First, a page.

Peter Pan (Novelization) – J.M. Barrie
The character of Peter Pan first came to life in the stories J. M. Barrie told to five brothers— three of whom were named Peter, John, and Michael. Peter Pan is considered one of the greatest children's stories of all time and continues to charm readers one hundred years after its first appearance as a play in 1904.
Review: You guys all know the story of Peter Pan, right? A boy who refuses to grow up flies through the window of Wendy, John, and Michael’s nursery and leads them to Neverland, where they meet the lost boys and battle pirates.
Peter Pan was originally a play that was first performed in 1904. In 1911, the author turned his play in to a novel. I have read (and watched) a few modernized versions of the Peter Pan story, but I didn’t know how they compared to the original, so I decided to read the 1911 novel.
The original story is much darker, weirder, and sadder than the modern versions. At times, it reminded me more of Alice in Wonderland than the modern versions of Peter Pan. Neverland is sometimes a strange, sinister place. There is death and danger around every corner.
Even though the story is a bit creepy, I think the author perfectly captures the spirit of childhood. The adventures that the children have in Neverland are a lot like the games that children play in real life. I also really like that the children sometimes can’t tell the difference between real and pretend. At one point, Peter has to ask Wendy if they are “just pretending” because he isn’t sure. The small details like that make the characters feel very childlike.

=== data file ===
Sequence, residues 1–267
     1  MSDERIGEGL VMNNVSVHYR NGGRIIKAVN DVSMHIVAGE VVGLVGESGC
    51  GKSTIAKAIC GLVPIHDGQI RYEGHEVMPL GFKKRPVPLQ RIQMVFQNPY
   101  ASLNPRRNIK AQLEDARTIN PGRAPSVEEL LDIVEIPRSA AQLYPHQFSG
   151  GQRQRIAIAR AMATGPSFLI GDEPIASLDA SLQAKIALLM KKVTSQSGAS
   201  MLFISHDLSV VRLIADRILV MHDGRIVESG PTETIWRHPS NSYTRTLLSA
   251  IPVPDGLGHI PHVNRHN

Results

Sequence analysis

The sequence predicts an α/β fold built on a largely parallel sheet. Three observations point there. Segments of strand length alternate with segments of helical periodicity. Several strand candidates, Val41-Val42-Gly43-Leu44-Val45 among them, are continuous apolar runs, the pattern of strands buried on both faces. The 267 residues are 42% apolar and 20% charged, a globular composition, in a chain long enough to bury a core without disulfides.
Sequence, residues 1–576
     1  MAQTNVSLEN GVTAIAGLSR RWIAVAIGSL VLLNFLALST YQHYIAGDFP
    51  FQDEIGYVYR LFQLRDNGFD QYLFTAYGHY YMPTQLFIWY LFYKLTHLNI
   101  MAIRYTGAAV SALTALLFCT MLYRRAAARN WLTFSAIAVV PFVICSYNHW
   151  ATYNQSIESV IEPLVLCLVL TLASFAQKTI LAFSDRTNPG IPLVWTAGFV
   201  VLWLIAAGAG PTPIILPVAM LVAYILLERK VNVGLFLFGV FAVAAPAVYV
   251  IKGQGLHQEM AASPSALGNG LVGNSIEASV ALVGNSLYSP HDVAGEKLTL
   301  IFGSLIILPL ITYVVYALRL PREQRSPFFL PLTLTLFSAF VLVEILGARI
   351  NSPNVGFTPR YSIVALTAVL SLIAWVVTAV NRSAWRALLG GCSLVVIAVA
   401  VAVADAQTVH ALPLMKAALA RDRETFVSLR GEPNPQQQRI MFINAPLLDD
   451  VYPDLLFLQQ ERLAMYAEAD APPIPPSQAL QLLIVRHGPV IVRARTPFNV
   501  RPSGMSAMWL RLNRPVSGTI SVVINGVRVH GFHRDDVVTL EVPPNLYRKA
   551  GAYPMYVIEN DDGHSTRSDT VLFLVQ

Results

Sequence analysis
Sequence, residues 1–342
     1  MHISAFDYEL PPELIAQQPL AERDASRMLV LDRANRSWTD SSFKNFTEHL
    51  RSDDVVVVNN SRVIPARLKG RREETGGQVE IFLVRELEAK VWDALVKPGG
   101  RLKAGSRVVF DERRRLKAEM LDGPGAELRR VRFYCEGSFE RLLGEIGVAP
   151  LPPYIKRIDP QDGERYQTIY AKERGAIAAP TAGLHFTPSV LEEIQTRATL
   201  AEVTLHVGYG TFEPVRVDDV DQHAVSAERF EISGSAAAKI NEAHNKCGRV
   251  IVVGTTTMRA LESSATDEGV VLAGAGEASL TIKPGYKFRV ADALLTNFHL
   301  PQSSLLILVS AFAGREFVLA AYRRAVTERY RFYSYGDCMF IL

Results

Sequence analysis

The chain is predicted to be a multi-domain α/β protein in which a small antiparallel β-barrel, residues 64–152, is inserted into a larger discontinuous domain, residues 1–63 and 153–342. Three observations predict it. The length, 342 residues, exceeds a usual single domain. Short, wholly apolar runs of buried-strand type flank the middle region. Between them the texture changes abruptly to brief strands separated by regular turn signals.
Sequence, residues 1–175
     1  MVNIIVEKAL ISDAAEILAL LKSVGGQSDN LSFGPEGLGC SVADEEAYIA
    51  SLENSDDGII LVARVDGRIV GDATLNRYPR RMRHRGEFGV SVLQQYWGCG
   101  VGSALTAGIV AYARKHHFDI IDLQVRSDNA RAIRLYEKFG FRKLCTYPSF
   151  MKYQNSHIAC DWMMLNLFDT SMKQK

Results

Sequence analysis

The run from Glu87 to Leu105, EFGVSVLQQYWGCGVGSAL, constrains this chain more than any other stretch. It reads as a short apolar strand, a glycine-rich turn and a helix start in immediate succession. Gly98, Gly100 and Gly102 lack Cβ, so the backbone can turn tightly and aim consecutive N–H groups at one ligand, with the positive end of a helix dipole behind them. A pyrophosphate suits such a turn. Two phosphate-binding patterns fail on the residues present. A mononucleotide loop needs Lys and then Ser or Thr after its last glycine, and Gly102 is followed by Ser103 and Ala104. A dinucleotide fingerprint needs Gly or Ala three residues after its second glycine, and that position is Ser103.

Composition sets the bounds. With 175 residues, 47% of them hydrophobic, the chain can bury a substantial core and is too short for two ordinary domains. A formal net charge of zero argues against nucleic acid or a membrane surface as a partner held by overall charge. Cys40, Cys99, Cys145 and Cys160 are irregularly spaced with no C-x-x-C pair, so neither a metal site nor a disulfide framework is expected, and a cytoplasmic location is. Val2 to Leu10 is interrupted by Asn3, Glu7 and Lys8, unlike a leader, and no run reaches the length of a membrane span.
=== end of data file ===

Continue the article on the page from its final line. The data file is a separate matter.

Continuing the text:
The characters in the original story are also slightly different from their modern counterparts. Honestly, Peter got on my nerves a little. He often came across as a manipulative, self-centered, violent bully. The original Peter Pan is a complex character, but he’s not very likeable.
My favorite character is Tinker Bell. She’s bad-tempered and fond of the word “ass.” I found her amusing.
I’m not sure what modern children would think of this story. The plot is entertaining, but the language and gender roles are outdated. I think a lot of younger children would struggle to understand the story without help from an adult. Older children and teens could probably read it without too many problems.
I’m glad I read this book. It’s interesting to compare the original to the modern versions and see how stories change over time. I now want to read the play.